2) For advanced clean coal technologies installed on new generating plants: NEET proposes to amend the Internal Revenue Code to provide a 10 percent tax credit and a variable, efficiency based 10 year production tax credit for investments in advanced clean coal technologies for use in new or repowered units. Again, these technologies must meet increasingly improved design efficiency standards. The "bar" to qualify for tax credits gets higher in the out years of the program. NEET limits the amount of capacity for each technology that would qualify for credits with the understanding that, once a technology is proven commercially, tax credits are not needed to make that technology competitive.

Tradable tax credits are available for electric cooperatives and publicly owned utilities so they may also utilize the financial benefits of NEET.

It is expected that the revenue impact of the NEET proposal would be between $1.7 - $2.2 billion for the first five years and between $3.2 - $4.5 billion for the second five years. Over a 24 year period, the total revenue impact is projected to be from $8.3 - $11.2 billion.

Why are aforementioned incentives necessary? Uncertainty about new environmental requirements and electricity deregulation, coupled with the fact that only expensive retrofit technologies can achieve the more stringent emissions limits being considered for existing coal based generating facilities, have caused electric generators to delay investments in new technologies. Additionally, initial commercial deployment of new technologies entails significant technical and financial risk. These risks can be offset in part, and needed investments can be encouraged, through the tax-based incentives outlined above. Coal based generation must and will continue to play an important role in meeting new energy demands and it is important that coal generators use the most efficient and environmentally sound technologies available.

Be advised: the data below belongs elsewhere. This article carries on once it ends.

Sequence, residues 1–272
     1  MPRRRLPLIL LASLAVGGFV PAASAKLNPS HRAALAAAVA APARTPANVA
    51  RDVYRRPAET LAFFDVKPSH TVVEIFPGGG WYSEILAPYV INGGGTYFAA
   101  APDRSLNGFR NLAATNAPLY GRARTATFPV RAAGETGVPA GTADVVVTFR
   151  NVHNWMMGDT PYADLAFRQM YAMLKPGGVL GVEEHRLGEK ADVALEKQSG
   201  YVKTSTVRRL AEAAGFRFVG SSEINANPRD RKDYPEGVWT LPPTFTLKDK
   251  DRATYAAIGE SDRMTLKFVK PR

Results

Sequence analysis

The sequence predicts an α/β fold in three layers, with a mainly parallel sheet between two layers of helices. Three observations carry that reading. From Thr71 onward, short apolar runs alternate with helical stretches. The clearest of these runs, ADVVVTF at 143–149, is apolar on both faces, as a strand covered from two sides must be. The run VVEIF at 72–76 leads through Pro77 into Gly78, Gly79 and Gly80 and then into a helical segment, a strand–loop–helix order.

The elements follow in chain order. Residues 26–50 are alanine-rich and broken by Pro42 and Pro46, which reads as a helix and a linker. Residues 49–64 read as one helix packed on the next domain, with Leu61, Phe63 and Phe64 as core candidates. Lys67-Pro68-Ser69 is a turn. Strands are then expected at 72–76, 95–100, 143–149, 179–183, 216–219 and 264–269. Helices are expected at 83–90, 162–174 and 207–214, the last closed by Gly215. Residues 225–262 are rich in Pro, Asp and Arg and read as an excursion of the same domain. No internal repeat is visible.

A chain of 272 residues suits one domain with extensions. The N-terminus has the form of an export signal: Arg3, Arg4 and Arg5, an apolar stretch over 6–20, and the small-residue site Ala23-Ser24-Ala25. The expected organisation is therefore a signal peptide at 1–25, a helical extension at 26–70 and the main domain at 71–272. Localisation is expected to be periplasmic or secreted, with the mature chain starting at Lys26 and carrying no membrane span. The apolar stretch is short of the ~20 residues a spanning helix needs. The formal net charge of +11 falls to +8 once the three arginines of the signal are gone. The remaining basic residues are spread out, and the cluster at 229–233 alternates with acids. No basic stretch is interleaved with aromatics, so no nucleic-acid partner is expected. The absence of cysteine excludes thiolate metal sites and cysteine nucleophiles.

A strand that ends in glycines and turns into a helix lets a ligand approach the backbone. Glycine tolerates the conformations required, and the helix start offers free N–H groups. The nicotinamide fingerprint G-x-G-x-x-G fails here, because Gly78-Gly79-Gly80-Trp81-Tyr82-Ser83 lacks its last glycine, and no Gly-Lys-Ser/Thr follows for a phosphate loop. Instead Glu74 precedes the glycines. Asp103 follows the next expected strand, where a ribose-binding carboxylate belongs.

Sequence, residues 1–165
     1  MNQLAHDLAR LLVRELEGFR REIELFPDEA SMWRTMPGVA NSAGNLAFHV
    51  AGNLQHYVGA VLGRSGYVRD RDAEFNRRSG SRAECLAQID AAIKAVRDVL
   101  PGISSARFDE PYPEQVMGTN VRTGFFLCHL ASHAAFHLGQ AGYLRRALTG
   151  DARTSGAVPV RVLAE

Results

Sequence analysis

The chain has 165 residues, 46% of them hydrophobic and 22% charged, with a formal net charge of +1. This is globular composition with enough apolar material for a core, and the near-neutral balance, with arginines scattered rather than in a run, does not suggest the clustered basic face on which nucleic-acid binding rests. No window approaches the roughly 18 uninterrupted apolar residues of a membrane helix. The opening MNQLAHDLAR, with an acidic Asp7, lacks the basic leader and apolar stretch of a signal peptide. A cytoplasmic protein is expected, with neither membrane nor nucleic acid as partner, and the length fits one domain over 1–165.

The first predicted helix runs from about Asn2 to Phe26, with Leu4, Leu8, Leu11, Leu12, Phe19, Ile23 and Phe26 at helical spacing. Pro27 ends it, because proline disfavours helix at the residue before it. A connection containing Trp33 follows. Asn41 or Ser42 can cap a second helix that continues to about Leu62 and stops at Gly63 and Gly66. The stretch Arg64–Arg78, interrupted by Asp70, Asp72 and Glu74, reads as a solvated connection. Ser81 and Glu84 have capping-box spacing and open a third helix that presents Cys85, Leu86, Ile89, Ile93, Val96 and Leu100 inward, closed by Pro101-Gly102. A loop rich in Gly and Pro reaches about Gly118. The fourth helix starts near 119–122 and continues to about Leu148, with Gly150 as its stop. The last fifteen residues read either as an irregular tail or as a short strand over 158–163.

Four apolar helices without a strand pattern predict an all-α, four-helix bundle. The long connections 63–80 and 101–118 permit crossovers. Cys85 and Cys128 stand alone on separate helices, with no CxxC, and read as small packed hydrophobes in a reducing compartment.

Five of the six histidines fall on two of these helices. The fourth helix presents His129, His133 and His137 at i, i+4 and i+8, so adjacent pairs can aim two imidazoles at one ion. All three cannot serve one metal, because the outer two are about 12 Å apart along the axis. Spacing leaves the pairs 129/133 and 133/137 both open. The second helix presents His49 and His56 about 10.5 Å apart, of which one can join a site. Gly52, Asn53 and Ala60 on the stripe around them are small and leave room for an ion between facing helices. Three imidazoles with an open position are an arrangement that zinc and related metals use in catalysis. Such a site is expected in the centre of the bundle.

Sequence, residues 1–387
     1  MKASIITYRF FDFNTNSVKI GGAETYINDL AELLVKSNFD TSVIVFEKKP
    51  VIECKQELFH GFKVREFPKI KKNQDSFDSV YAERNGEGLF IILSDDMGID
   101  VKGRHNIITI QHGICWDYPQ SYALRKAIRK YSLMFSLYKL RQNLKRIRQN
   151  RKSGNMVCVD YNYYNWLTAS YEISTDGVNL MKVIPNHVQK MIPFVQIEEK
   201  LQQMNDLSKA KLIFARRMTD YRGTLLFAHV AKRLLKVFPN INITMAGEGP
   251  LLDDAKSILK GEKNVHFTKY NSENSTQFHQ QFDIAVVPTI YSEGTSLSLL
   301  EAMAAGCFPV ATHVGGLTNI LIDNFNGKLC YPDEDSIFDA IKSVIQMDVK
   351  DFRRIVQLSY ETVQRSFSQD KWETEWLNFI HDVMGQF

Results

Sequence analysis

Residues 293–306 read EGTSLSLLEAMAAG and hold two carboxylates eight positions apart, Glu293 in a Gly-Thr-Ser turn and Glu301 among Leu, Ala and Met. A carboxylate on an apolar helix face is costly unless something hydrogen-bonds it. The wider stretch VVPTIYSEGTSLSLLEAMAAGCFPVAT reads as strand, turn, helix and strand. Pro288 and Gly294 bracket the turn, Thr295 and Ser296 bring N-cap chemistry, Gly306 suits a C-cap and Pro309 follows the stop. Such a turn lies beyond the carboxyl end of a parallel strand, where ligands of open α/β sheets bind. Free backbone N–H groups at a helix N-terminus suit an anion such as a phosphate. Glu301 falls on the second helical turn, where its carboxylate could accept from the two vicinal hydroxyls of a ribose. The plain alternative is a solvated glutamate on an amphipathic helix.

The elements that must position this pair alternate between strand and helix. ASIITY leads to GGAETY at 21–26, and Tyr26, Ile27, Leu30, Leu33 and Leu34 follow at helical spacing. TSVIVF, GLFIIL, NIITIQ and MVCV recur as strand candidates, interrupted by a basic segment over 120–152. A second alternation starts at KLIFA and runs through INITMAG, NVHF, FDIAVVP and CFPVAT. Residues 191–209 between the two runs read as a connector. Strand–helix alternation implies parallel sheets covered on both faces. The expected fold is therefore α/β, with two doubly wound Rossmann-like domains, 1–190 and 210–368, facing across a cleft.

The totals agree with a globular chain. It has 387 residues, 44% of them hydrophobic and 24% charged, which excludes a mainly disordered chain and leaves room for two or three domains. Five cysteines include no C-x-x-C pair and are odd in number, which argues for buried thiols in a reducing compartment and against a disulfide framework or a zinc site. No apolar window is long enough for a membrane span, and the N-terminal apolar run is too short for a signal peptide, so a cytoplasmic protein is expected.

The fact that incentives are needed to encourage the use of advanced clean coal technologies is clearly seen by analyzing recently announced additions to the coal based generating fleet. Since the first of this year, companies have announced intentions to build nearly 34,000 MW of new coal fired capacity.(3)

According to the referenced RDI study, 23,000 MW will be at new sites, 9,800 MW will be in the form of expansion at existing sites and 851 MW will involve repowering at existing sites. A full 12,000 MW, or one-third of the new capacity planned, will use existing PC technologies. Only 4,000 MW will use the most advanced gasification technologies. Another 9,000 MW will use fluidized bed, and the technologies at the remaining units are unknown. This illustrates the reluctance of electric generators to take either the financial or the technical risks associated with the most advanced clean coal technologies and illustrates clearly the need for incentives to put "first and second" of a kind technologies on line. The incentives included in NEET will provide the impetus to increase the supply of electricity, improve the environment through reductions of pollutants regulated under the Clean Air Act, and reduce the amount of carbon dioxide emitted per unit of energy produced through significant increases in the efficiency of converting coal to electricity.

Tax Changes to Encourage Increases in Coal Production.

Tax policy can be a major component of energy policy as taxes affect the development and production of energy, including electricity. Several provisions of the Internal Revenue Code should be modified to address counterproductive policies previously put into place. These issues are also of significant importance to the oil and gas industry.